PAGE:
Deborah Wortham, York City School District superintendent, said she was already planning to implement the model the state has adopted in York City when she found out about the pilot.
Though only a dozen or so teachers are participating in the pilot, at the request of the state, she said, the entire district is unofficially embracing the model. Teachers not participating in the pilot were still given the option of having their evaluation done that way.
Wortham said she believes the observation and evaluation process provides a "golden opportunity" to improve student achievement. She was accustomed to having observations include pre- and post-observation meetings, she said.
"That really makes it a collaborative process," she said.
Several educators participating noted that the system is more time consuming.
That's the "perpetual challenge" with many things in education, Glusco said.
"It's the time to implement it all and do it well," she said.
Some also noted some logistical hurdles, such as trying to fit a lot of information in tiny spaces allotted on forms provided.
Glusco also noted that during training, they were advised to get forms back to teachers quickly, which sometimes could pose challenges when administrators also have to deal with other issues that might come up.
Schoonover said that though the process takes more time, an administrator's time is better spent on improving teacher quality. If teacher quality improves, administrators will have to spend less time on discipline.
"It's a balance," she said. "You just have to tilt it in the right direction."
Sidle said the time necessary for the process might become challenging when the system is implemented district-wide.
Several educators emphasized that process piloted only counts for half of a teacher's evaluation in the system Pennsylvania is creating.
The other 50 percent is "the part everyone's going to debate," Kanigsberg said, referring to the portion that will be based on student achievement.
Legislation is also necessary for the state to include student achievement in teachers' evaluations.
Still, several district officials said it was worthwhile to participate in the pilot.
Kanigsberg said she believes it is one of Dover's best moves because the district now has many administrators and a group of teachers trained for the future.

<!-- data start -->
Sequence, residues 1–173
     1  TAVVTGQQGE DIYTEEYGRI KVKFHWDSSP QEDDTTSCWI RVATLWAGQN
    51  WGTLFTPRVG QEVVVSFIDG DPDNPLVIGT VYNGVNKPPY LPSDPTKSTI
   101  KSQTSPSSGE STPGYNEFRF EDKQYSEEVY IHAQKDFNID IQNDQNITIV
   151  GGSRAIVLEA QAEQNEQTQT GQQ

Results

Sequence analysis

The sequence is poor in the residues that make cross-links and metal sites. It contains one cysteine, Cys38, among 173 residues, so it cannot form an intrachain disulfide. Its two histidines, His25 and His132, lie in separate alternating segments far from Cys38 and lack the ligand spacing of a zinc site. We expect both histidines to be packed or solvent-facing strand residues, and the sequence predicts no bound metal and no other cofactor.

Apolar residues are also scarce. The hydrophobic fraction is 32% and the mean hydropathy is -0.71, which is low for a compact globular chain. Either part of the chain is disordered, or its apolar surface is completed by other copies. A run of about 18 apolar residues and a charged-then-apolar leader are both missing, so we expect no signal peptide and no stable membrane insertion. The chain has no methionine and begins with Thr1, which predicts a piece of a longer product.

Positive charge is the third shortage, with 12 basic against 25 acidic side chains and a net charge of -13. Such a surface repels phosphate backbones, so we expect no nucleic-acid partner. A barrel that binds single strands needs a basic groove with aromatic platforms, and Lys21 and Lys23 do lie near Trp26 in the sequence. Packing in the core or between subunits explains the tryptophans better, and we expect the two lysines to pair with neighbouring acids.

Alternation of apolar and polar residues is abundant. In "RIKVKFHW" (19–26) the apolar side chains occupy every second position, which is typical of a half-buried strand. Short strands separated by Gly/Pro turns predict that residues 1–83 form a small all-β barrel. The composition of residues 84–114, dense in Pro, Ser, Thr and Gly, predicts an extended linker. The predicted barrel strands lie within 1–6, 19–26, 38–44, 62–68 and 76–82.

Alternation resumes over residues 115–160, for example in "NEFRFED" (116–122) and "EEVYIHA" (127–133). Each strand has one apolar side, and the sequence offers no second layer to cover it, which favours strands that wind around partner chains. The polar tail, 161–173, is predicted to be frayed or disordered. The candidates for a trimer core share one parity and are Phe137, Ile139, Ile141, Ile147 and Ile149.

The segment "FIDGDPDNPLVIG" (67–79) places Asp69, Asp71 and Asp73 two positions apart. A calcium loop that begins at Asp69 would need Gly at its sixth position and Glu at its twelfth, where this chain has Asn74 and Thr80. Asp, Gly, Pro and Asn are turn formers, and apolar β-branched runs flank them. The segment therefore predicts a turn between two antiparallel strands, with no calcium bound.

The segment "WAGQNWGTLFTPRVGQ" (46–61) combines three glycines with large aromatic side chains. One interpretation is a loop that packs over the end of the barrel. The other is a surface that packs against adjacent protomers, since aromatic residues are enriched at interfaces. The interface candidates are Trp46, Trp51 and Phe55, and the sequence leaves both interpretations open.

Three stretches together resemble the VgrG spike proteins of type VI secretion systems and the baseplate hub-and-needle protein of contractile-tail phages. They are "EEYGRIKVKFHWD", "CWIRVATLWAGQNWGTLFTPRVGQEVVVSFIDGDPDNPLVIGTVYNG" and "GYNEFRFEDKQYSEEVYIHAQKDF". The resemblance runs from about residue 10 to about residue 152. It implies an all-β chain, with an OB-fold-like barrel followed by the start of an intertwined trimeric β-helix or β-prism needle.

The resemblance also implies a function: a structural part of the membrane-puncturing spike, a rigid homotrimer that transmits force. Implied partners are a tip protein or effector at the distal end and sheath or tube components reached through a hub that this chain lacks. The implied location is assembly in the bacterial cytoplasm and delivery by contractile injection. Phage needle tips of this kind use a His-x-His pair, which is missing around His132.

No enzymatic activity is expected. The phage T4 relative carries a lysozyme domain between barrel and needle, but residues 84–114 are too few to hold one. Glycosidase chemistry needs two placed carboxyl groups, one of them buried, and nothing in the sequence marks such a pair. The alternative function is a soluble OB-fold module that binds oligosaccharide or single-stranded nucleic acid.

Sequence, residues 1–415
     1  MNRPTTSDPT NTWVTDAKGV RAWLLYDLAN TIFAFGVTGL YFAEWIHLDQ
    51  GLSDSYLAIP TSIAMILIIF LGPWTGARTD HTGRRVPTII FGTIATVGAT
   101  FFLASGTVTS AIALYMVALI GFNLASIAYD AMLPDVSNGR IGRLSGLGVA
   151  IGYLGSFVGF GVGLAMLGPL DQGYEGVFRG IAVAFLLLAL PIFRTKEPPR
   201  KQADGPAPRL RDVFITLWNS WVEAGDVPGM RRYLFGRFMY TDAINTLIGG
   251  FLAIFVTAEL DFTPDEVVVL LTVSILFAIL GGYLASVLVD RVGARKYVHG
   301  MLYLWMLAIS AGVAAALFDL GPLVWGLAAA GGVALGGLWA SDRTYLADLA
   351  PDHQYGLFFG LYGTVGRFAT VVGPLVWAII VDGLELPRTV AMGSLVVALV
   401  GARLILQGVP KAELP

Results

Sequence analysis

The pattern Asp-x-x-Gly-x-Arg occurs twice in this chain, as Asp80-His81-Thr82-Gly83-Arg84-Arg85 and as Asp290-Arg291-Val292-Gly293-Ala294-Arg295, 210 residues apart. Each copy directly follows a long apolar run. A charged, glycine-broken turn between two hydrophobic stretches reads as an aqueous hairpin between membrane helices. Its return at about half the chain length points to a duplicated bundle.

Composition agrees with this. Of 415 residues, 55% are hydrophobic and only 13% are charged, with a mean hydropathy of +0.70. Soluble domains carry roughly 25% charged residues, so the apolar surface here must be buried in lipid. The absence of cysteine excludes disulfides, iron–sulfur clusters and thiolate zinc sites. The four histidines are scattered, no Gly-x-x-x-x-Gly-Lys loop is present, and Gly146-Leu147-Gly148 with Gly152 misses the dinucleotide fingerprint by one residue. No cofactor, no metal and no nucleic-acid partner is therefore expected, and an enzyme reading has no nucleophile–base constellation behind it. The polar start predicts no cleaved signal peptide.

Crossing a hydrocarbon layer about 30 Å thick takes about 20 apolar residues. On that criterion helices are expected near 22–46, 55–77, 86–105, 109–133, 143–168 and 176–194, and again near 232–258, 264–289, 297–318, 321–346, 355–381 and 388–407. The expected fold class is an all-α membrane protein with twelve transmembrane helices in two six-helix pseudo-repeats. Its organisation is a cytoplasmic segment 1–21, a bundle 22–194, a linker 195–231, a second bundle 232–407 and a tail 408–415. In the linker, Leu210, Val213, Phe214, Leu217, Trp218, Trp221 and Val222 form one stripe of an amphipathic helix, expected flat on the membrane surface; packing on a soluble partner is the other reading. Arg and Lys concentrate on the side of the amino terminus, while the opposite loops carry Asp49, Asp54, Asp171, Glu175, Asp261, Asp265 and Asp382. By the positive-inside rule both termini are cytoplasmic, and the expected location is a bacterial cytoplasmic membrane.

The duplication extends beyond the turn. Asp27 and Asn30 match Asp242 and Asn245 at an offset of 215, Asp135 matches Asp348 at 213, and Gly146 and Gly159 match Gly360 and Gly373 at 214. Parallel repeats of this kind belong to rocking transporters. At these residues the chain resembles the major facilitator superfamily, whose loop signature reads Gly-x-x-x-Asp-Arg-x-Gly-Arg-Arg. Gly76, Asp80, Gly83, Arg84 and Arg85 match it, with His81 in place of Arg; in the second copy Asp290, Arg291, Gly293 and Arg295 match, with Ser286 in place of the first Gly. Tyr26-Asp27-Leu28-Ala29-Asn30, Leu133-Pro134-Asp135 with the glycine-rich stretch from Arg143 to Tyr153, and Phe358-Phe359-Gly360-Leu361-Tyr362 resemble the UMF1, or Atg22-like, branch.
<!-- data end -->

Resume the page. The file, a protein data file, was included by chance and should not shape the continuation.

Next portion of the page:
"I feel it put us ahead of the game," she said.
Here's what Carolyn Dumaresq, Pennsylvania's deputy secretary of education, said is coming up as the state works to craft new evaluation systems for educators:
Now: The state will be gathering final evaluation information from those piloting the new observation system during the 2011-12 school year as well as feedback from participants. That will be used to make any necessary tweaks to the system.
2012-13: The adjusted observation system will be used. Those districts that already piloted it can choose to participate again and more districts can come on board if they choose.
The state will also pilot a new observation system for principals and specialists, who are non-classroom professionals like guidance counselors, this year.
The state will also be working on determining how the elective student data portion of the evaluation, which will be 20 percent of the total evaluation, will work. Student achievement information for individual teachers will start being gathered this year, but it won't be used in evaluations until a teacher has three years of growth scores banked.
2013-14: The goal is to have the observation tool for teachers ready and implemented statewide, as well as the building-level student achievement piece, which will be 15 percent of the total.
The principal and specialist evaluation systems will move into phase 3.
2014-15: The state hopes to have the principal and specialist evaluation system in place statewide.
Also: For the teachers' evaluation system, supervisors will be able to participate in an "interrater reliability process," Dumaresq said, designed to make sure that if two principals observed the same classroom, they'd give nearly the same rating.
Teacher ratings from phase two will also be submitted to Mathematica, a company that will use the data plus student test scores associated with those teachers to determine which criteria correlate to better student achievement.
Race to the Top
In late 2011, Pennsylvania was awarded about $41 million from the federal Race to the Top Grant competition. About half of that will be distributed to local education agencies, according to the state.
Part of the grant will be used to implement the new evaluation system for teachers an prinicipals, according to the state. A district must agree to participate in the teacher evaluation project in order to receive funds, according to information online.
Learn more by visiting www.education.state.pa.us and clicking on "Race to the Top" under "PDE Quick Links."